A new report from Europol on the connection between intellectual property crimes and other serious crimes highlights the way digital television pirates seek to launder their money using cryptocurrency.
In a section on “Operation Fake”, the report details how:
A joint investigation by the Spanish National Police and Tax Authorities, with the support of the German local Hanau police, Europol and Eurojust, resulted in the dismantling of a criminal network specialised in the illegal distribution of pay-TV channels in Spain. The illicit distribution was done through pirated decoders (cardsharing) and the internet. In total, 30 suspects were arrested in Spain, and 48,800 decoders seized, alongside EUR183,200 [USD206,250] in cash, 10 luxury vehicles, one counterfeit luxury car, a private plane, several financial documents and IT equipment.
To disguise their illegal proceeds:
The criminal gang used various methods to launder the money, such as Bitcoin mining. In the framework of the investigations the Spanish authorities discovered and subsequently dismantled 6 Bitcoin mining centres. The criminals used these centres to launder the illicit profits into virtual currency. At least 78.3 Bitcoins (worth a total of EUR31,320) were seized.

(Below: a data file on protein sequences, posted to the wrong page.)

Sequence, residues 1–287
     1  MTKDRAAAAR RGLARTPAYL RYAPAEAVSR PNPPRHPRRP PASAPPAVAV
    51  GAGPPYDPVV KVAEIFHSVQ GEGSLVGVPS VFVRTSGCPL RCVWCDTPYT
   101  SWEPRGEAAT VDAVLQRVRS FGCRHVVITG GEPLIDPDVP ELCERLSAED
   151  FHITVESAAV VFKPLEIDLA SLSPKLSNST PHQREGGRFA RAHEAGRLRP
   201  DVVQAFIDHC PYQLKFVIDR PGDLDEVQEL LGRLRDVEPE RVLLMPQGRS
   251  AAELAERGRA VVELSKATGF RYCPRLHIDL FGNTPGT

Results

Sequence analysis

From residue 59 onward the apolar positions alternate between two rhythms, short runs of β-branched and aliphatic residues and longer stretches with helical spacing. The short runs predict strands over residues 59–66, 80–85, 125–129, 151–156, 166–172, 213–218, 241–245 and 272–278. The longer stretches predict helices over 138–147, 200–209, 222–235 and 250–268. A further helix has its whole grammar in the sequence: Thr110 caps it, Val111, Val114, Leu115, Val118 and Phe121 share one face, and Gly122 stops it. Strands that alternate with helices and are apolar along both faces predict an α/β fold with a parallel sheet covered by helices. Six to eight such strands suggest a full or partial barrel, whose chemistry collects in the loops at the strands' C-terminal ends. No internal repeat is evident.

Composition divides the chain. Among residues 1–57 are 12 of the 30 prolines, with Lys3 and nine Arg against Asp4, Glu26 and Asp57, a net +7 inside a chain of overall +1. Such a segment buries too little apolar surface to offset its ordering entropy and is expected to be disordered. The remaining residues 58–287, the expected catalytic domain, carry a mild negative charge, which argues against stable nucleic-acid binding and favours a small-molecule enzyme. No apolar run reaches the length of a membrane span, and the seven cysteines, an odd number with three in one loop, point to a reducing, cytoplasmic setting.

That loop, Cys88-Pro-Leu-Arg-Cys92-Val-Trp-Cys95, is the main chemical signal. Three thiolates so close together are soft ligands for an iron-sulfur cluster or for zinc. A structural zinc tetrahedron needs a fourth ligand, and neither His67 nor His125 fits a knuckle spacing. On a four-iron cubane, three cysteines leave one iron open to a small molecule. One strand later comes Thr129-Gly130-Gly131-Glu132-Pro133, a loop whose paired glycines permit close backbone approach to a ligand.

Another case, called “Operation TV Pirates II”, involved a crackdown on Bulgarian IPTV pirates during February of this year.
The investigation targeted six companies active in the Bulgarian cities of Sofia and Varna and the region of Burgas. The examination of the evidence concluded that at least 30 000 people were subscribed to the illegally distributed signal. One of the six companies involved was fined EUR650,000 [USD732,000]. Following this action, six pre-trial proceedings were opened.
As in the Spanish case, the pirates laundered their money electronically.
A cryptocurrency mining farm was found on-site, typically used for money laundering (concealing and disguising the identity of illegally obtained proceeds, making their origins appear legitimate and leaving no link to the real source of the funds, their real owners or intended beneficiaries).
It makes sense for cybercriminals who make money by illegally selling services to online customers to also use digital methods to launder their proceeds. Whilst it is sometimes said that crime can be detected by ‘following the money’, these cases suggest that the best way to tackle TV piracy is to prevent it before the criminals have a chance to generate any profit.
You can obtain a copy of Europol’s report on the relationship between intellectual property crimes and other crimes from here.